You've all seen them, those signs the lawn care companies are required to leave in your yard after they treat your grass with chemicals. As I've mentioned in recent days, I just hired an organic lawn care company to care for our yard. I was surprised to learn that they, too, are required to leave a sign that says they have treated your yard, even though their organic ingredients are not required to be rated, analyzed, etc. by the government. Interesting and confusing. They put stuff like fish emulsion and corn gluten meal on my lawn and have to post a sign saying it is safe to play there--immediately upon application. Sometimes the things our government does in the name of safety don't make any sense, but at least it is clear that my yard isn't contaminated with chemicals. I also liked that the technician put the sign in the garden where you can see our gas-saving Honda Civic. That baby gets 36 mph on the highway.

This week, rather than giving you a link to follow, I'm bringing you some interesting facts to ponder about pets and pesticides, provided by Jolly Green Planet:

  • According to the National Cancer Institute, dogs with common cancer (canine malignant lymphoma or CML) were 30% more likely to have lived in a home where the owners had employed a commercial lawn company to treat their yard.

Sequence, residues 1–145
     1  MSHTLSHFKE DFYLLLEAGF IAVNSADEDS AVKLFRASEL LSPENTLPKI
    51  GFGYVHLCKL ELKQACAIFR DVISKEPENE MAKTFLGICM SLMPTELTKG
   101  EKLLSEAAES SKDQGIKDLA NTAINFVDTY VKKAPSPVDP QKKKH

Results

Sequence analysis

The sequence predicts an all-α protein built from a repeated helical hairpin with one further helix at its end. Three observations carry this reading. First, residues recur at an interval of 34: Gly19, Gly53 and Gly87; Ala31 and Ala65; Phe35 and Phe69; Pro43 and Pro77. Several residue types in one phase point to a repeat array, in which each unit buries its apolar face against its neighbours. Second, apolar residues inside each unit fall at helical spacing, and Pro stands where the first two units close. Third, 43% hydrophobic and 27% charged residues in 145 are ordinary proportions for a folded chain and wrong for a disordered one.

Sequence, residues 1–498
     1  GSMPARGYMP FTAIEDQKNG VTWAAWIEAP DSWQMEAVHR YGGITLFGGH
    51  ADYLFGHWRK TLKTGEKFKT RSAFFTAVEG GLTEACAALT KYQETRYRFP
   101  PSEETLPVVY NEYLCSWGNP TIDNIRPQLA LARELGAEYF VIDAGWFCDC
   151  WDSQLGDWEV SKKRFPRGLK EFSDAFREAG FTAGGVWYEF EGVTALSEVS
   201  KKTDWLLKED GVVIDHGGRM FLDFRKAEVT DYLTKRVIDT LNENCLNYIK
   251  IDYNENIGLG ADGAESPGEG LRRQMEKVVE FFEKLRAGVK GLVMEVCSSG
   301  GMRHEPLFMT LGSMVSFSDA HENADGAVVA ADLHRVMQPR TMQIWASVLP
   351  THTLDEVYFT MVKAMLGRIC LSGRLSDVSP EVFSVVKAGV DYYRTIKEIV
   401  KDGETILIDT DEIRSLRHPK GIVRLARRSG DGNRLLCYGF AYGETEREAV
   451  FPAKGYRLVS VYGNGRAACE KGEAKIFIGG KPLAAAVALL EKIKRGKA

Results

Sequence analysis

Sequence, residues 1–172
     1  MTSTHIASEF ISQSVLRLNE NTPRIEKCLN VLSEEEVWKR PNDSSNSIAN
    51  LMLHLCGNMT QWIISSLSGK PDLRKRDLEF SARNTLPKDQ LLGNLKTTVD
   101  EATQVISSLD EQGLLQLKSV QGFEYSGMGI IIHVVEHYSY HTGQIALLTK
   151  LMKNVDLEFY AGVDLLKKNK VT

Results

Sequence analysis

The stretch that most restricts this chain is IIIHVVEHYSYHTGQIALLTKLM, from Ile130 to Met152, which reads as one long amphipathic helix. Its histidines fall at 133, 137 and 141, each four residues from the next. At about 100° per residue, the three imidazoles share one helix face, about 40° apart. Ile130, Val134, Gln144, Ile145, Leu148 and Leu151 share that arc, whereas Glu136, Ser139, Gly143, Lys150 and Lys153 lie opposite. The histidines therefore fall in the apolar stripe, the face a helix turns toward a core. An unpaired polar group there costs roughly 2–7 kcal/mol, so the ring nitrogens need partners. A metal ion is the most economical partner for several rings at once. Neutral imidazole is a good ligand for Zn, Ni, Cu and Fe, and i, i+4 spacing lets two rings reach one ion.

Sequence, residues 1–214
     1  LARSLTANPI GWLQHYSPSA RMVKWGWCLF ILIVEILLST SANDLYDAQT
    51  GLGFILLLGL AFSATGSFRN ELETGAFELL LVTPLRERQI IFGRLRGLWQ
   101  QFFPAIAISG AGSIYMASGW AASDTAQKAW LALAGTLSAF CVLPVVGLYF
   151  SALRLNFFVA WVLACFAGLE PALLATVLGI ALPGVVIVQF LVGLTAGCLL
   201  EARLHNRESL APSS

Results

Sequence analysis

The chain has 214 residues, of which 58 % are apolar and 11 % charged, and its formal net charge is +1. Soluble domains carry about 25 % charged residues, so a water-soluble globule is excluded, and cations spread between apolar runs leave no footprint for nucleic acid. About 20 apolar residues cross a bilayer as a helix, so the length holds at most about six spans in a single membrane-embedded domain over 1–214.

• Dogs exposed to the weed killer 2,4-D die of cancer at twice the normal rates.

There is a healthy alternative to synthetic lawn chemicals. Find out what is available in your area by doing a Google search on organic lawn care. Your happy, green dogs will be healthier.

Tomorrow join me for some tree planting fun. I felt the need to replenish the oxygen at one of our investment properties, so they got 5 new trees...babies, but they'll grow. Food Friday is coming up, and I'll have a surprise topic for you. Come see what I've got in store.



Tuesday, September 23, 2008

Thank You for 1000 Visits!


At nearly 70 posts, I have finally reached the 1000 visitors' mark, thanks to all of you. I am truly enjoying being back in the saddle (writing) and find this role to fit my lifestyle beautifully. However, my goal is to inspire YOU to work more toward eating organic and living green. If there is anything you are interested in that I can research and report back on, please COMMENT below. Also, your COMMENTS about my content or any questions would be welcome.


For today's Tuesday's Tips I am bringing you a blast from the past, or more simply stated, a few of my favorite tips:
Tomorrow I'll show you what a truly safe lawn care treatment sign should say and share a few more safe dog tips. Finally, I will share a farewell photo of Robby the rabbit, who will be moving to Virginia in a couple of weeks to reunite with his true owner, my son. Thursday I'll talk about planting trees and show you a few I've added to our property....small, but with potential. There are even bargains in trees. See you then.

Monday, September 22, 2008

Green and Organic Coupons for Everything You Can Think Of


You name it; it's here. If you're looking for food coupons, also visit my most recent post from last week at the link. Today's listing has some food, but is primarily household and personal items.